Endometrial biopsy is another procedure that may be done. During this test, a sample of the lining (or endometrium) of the uterus is taken. This can give information about hormone levels in your body as well as search for abnormal cells. Gynecologists generally perform endometrial biopsy but some family doctors do this procedure.
Pregnancy should be ruled out with a test. Depending on how heavy the flow is, a blood count should be done and tests of blood clotting or liver function may be considered. Testing of female reproductive hormones is sometimes useful, as are tests of other hormones, such as thyroid. Your doctor may order an ultrasound if the examination shows an abnormal or enlarged ovary or uterus.
There are treatments that may help to deal with this problem. Generally, medical treatment is the first approach and then your doctor may suggest surgery.
Many women with heavy periods, whether sexually active or not, benefit from estrogen and progesterone therapy in the form of contraceptive pills. These pills regulate the body's own hormones that may be causing the irregular bleeding. They have other benefits such as reducing cancer of the uterus and of the ovary. Most healthy women who are non-smokers can take contraceptive pills until menopause. Women who should not take the birth control pill include smokers over the age of 35, women with liver disease, hypertension, heart disease or a history of stroke, blood clots in the lung (pulmonary embolism) or legs (deep vein thrombosis).
Some women are helped by taking progesterone alone. This is one approach for smokers who may not be candidates for estrogen therapy.
In certain cases, non-hormone treatments such as anti-inflammatory drugs can reduce the blood flow. These medications also help treat menstrual cramps. Other non-hormone treatments include medications that help blood to clot more normally.
Women with anemia from heavy blood loss may be advised to take iron tablets. These can help replenish iron stores, but they often cause stomach upset and constipation. Adding fibre to the diet or a stool softener can usually alleviate constipation.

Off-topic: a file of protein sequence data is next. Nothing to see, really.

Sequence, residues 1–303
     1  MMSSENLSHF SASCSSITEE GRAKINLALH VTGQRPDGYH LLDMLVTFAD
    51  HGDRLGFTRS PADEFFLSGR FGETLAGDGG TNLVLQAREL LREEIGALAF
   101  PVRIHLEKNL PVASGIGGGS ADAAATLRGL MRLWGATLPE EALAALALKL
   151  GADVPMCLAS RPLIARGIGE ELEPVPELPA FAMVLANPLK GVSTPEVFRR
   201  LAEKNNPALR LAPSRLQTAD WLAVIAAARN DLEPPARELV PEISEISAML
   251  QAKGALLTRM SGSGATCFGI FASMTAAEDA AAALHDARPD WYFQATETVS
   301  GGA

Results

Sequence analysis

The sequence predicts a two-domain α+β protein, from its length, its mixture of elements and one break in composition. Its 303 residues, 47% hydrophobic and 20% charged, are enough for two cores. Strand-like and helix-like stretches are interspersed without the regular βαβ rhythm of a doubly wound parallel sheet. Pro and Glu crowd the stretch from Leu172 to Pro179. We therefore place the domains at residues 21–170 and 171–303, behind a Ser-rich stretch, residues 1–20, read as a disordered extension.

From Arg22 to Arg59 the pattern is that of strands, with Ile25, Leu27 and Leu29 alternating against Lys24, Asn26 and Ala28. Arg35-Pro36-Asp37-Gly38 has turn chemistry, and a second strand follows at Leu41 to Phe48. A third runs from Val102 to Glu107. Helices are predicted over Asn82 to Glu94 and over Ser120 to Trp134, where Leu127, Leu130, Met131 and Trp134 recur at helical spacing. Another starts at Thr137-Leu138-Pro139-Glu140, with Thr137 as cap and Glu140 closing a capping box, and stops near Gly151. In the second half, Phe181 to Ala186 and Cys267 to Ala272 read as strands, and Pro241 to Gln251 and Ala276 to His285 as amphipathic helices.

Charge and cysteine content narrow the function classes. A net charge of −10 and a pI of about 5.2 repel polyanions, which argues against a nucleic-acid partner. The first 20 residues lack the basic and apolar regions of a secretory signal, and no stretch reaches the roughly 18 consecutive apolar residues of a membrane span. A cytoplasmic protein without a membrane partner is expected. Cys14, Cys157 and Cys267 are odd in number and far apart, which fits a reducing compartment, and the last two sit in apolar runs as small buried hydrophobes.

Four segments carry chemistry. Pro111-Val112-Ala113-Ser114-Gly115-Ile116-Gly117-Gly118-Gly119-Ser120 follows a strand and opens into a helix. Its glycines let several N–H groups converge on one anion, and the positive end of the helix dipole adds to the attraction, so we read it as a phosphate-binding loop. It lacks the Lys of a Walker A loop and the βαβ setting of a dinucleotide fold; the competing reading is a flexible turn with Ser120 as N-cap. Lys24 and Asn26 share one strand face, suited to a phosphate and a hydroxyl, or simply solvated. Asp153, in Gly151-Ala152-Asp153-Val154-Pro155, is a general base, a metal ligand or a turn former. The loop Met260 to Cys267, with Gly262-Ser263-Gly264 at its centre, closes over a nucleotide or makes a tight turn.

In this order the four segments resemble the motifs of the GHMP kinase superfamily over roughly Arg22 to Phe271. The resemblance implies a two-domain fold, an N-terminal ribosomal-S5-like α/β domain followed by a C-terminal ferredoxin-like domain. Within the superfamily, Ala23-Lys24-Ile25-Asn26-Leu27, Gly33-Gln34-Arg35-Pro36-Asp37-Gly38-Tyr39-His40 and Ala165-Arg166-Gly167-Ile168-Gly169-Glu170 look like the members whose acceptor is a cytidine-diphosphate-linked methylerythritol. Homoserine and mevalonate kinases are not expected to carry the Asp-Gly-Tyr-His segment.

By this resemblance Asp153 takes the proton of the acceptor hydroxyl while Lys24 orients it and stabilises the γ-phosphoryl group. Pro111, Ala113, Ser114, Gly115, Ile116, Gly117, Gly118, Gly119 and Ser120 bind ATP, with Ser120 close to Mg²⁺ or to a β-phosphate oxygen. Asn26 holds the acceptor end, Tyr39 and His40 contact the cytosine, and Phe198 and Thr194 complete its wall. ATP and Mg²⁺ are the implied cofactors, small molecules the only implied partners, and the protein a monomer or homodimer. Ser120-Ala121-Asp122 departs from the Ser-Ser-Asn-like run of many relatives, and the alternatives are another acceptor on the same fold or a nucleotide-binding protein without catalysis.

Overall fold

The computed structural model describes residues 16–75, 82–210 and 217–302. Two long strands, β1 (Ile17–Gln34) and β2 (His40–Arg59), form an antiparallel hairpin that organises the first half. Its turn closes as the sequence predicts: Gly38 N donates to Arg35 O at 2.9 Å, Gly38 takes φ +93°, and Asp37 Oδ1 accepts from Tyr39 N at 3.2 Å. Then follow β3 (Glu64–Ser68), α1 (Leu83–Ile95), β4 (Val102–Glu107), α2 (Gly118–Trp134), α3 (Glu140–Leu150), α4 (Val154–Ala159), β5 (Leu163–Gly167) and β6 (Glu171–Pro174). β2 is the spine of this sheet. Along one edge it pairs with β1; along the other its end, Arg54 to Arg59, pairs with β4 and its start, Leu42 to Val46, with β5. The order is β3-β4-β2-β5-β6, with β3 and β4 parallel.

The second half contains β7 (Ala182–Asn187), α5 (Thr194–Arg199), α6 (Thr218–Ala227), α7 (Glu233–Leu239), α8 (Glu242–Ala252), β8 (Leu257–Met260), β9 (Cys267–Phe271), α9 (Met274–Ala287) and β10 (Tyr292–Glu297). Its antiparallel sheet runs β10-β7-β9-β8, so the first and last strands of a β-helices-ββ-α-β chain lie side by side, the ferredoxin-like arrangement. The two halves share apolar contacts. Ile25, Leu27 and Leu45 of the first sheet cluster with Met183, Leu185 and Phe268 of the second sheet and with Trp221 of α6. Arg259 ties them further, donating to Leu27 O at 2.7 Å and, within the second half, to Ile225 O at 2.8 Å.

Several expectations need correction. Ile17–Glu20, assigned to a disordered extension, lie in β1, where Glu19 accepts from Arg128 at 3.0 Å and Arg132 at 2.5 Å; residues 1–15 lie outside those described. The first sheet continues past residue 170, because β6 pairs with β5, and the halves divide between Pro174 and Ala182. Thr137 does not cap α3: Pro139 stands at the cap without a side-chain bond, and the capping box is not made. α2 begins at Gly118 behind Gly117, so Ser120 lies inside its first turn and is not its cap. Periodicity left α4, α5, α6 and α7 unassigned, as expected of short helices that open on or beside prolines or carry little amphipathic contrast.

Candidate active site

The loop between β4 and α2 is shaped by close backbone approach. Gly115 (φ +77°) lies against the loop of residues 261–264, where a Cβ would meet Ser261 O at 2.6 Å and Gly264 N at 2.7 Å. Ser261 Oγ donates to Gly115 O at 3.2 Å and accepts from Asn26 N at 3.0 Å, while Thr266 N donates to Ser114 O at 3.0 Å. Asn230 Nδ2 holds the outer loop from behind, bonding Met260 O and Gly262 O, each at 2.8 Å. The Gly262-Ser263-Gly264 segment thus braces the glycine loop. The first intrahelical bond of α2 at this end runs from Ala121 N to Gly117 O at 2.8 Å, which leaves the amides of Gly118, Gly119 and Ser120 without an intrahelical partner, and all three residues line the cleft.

Your family doctor may refer you to a gynecologist if the problem persists or if a more serious cause of abnormal bleeding is suspected.
A gynecologist can perform a biopsy of the endometrium to check for abnormal tissue. Another test may be a hysteroscopy where the inside of the vagina and uterus are inspected using a special fibre optic camera. This can help to diagnose polyps or fibroids and to treat them in many cases.
Some women choose to have surgery to help their problem. For example, endometrial ablation is a procedure that removes the lining of the uterus. This may reduce or eliminate menstrual flow.
When one fibroid causes heavy bleeding or interferes with a women's ability to become pregnant, it can sometimes be removed while leaving the uterus intact. The procedure is known as myomectomy.
Some women choose to have a hysterectomy, where the uterus is removed through the vagina or the abdomen. Women who choose this option are usually in their 40s and do not plan to have more children.
Some women do not wish to have treatment for their heavy periods or do not find a treatment that meets their needs. If you are troubled by heavy periods, discuss your concerns with your family doctor and review your options.